The company and Women & Infants Hospital of Rhode Island are currently evaluating the technology to determine the performance of the test.
The firm believes its Parsortix cell separation system, so far used for oncology, can extract rare fetal cells from maternal blood to detect genetic disorders.
During the first year of the TRIDENT-2 study, 74,000 women opted for NIPT, which was switched from in-house-developed platforms to Illumina's VeriSeq in May of this year.
By early 2020, the UK company plans to develop a version of its Iona test that uses Illumina's sequencing technology.
A randomized clinical trial from France revealed similar miscarriage rates in women who had cell-free DNA screening for trisomy 21 prior to invasive testing.
The partners will test PerkinElmer's Vanadis NIPT platform on samples from 2,650 women to determine detection and false positive rates.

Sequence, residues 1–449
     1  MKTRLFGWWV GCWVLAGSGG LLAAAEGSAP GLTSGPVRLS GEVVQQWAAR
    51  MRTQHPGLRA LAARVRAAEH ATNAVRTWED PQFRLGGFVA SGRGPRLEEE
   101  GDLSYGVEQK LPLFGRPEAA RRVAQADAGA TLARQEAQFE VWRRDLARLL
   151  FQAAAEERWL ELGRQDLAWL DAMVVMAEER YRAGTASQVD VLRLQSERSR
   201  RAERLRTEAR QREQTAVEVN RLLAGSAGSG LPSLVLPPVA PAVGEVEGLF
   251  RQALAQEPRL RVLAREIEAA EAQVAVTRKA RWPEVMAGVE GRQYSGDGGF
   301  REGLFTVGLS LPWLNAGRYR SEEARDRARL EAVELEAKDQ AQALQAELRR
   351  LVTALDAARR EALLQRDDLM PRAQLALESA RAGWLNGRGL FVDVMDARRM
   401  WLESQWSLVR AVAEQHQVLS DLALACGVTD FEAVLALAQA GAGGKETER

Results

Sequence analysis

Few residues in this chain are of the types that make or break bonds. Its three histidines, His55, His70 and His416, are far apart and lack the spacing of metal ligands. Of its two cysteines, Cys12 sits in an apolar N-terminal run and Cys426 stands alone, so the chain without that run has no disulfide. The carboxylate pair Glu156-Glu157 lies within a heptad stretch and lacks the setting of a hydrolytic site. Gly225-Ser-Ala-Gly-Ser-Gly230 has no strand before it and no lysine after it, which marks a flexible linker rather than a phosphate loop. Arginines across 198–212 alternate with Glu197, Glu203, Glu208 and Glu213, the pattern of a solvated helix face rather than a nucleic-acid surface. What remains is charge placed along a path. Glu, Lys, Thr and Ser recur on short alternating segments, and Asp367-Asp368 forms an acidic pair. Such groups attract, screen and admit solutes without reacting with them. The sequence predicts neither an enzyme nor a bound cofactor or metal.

The report states that using NIPD for trisomy 21 in high-risk women could "probably reduce" the total number of invasive tests though the data is incomplete.
The company plans to launch the system this summer in Europe, aiming to broaden cell-free DNA screening for trisomy 21, 18, and 13.
The suit alleges that Natera's Panorama test infringes US Patent No. 9,493,831 patent, which covers sequencing library preparation methods applied to maternal blood samples.
The company is now seeking commercial partners in Brazil to make the Iona test available in the country.
Researchers representing scientists and students of Chinese descent voice their concerns about recent US policies and rhetoric.
Wired reports that researchers have shown they could reprogram a DNA-based computer.
Researchers say increased diversity in genomic studies will benefit all, PBS NewsHour reports.
In Science this week: whole-genome sequencing of single sperm cells, and more.